The Philippines in the Asian Century

This was President Benigno S. Aquino III’s remarks at the Asia Society in Sydney on the 25th of October 2012. He talked about the Philippines being a bright spot in the global economy and the reforms his government has enacted to gain investor confidence and improve social equity.

After delivering an eight minute speech, PNoy took questions from the audience.

What was missing from the discussion was an explanation as to why despite the country being one of only a handful in the region that has exhibited robust growth in the first semester of this year has foreign direct investment not returned even when as the president remarked so many attempts at good governance have been made. Instead, it is the stock market that has surged as “hot money” has flowed in helping to drive up the value of Philippine stocks and with it the peso. This in turn has driven down the competitiveness of our exports be they in manufacturing, mining, agriculture or services.

What is needed from the president at this point is a vision for the Philippines, a strategy that would position it well in this, the Asian century, with the rise of China, India and Indonesia. What role will the country play in this century? Will it join these other nations in lifting millions out of poverty? Will it see a rapidly growing middle class earning between $10 and $20 a day (these being the poverty threshold in Brazil and Italy, respectively)?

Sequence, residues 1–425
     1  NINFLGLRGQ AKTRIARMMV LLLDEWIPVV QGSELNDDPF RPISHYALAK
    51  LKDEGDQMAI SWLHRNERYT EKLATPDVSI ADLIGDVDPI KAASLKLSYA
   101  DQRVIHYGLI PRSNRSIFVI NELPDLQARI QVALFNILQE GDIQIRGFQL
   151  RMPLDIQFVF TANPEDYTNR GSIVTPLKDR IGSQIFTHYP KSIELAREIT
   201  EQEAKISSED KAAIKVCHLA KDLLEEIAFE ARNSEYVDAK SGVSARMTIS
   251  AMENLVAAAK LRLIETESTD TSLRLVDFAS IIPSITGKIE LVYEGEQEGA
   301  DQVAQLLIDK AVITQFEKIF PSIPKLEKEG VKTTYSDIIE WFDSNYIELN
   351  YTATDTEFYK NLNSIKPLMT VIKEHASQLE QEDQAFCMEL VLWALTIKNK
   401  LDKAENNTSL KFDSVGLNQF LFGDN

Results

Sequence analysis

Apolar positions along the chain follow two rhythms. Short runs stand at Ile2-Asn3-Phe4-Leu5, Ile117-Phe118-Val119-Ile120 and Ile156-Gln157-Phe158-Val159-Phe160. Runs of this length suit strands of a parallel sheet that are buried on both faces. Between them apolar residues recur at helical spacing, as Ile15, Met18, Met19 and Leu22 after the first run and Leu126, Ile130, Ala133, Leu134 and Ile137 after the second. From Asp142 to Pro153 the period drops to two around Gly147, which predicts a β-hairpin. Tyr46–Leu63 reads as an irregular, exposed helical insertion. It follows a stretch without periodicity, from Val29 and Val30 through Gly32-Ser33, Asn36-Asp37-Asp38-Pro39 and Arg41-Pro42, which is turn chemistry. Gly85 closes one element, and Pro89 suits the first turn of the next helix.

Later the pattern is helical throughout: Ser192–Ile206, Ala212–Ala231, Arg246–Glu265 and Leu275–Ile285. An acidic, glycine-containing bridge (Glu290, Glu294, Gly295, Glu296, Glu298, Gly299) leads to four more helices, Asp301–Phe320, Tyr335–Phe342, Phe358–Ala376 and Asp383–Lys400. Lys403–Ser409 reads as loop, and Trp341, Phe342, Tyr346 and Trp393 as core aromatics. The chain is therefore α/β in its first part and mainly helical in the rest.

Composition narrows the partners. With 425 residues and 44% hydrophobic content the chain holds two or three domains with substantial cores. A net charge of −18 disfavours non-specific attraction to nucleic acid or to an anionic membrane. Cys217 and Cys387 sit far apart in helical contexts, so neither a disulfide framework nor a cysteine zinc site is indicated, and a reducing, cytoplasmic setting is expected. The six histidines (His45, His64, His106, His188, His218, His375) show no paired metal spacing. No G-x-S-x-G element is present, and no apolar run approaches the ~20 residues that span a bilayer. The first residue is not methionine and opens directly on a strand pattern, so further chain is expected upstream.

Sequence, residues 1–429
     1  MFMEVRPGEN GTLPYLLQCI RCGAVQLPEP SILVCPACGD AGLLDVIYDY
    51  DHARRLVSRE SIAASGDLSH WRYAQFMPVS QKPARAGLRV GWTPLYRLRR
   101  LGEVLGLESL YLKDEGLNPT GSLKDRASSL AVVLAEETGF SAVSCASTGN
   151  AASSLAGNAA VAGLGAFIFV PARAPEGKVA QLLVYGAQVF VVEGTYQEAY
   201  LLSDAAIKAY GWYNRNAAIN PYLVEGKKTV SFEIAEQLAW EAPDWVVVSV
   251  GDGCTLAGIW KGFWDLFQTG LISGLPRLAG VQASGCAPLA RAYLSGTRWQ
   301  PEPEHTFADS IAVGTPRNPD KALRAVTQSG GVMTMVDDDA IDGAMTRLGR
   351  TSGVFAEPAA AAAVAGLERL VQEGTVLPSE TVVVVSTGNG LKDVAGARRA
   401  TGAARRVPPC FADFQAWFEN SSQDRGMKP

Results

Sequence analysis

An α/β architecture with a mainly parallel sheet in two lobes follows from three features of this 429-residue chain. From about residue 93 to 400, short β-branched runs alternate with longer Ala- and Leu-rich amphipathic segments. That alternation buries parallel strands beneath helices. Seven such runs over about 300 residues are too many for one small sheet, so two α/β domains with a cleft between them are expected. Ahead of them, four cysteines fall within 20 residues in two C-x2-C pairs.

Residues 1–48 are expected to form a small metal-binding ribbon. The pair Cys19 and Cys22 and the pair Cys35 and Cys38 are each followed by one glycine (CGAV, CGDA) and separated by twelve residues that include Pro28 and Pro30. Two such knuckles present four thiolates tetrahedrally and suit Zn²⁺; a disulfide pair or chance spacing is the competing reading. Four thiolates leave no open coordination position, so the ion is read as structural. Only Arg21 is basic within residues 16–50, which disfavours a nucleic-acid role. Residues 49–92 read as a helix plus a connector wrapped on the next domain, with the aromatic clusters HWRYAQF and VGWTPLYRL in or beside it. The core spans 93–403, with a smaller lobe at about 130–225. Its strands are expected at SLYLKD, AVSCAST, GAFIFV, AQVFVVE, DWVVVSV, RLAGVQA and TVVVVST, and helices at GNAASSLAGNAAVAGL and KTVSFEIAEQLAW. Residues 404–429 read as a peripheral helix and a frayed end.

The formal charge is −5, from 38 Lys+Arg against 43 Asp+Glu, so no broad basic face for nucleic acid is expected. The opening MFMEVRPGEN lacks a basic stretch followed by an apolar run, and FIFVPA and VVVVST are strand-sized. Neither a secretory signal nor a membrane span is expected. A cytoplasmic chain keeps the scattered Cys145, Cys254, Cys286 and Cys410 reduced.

The president spoke of his mining policy recalibration, at a time when commodity prices globally are declining from their peak prior to the Global Financial Crisis, with the rebalancing of China’s economy driving demand for commodities down, and with global supply about to catch-up with global demand. In Australia the pipeline of investments amounting to around $350 billion has now been cast into doubt as evidenced by BHP Billiton’s suspension in August of projects worth $30 billion in Western and South Australia. In addition, the Mining Resource Rent Tax expected to generate billions for the Federal government raised nothing during the first quarter of its operation due to weaker mining profits.

Now they say, the next big boom will come in agriculture and services as the Asian middle class switches its diet from grains to meat, requiring more agricultural output to supply livestock feed, and as they seek better quality education and travel experiences abroad. As the West deals with its ageing population and demands skilled workers to fill the seats of retiring baby boomers in the next few years, how will the country cope with this race for talent?

Indeed, there are many important questions that need to be considered. The country needs a strategist-in-chief who will demonstrate leadership by tackling these broader long-range issues. Yes, we need honest government, but more than that, we need to know our strategic direction so that our government can navigate through the treacherous terrain our nation faces. There are many things going in our favour: proximity to the world’s fastest growing markets, a large, literate and highly skilled population, and now a government that wants to do things above board.

We need to now harness that latent potential and drive the country forward.

Santiago Files Magna Carta for Philippine Internet Freedom

Senator Miriam Defensor Santiago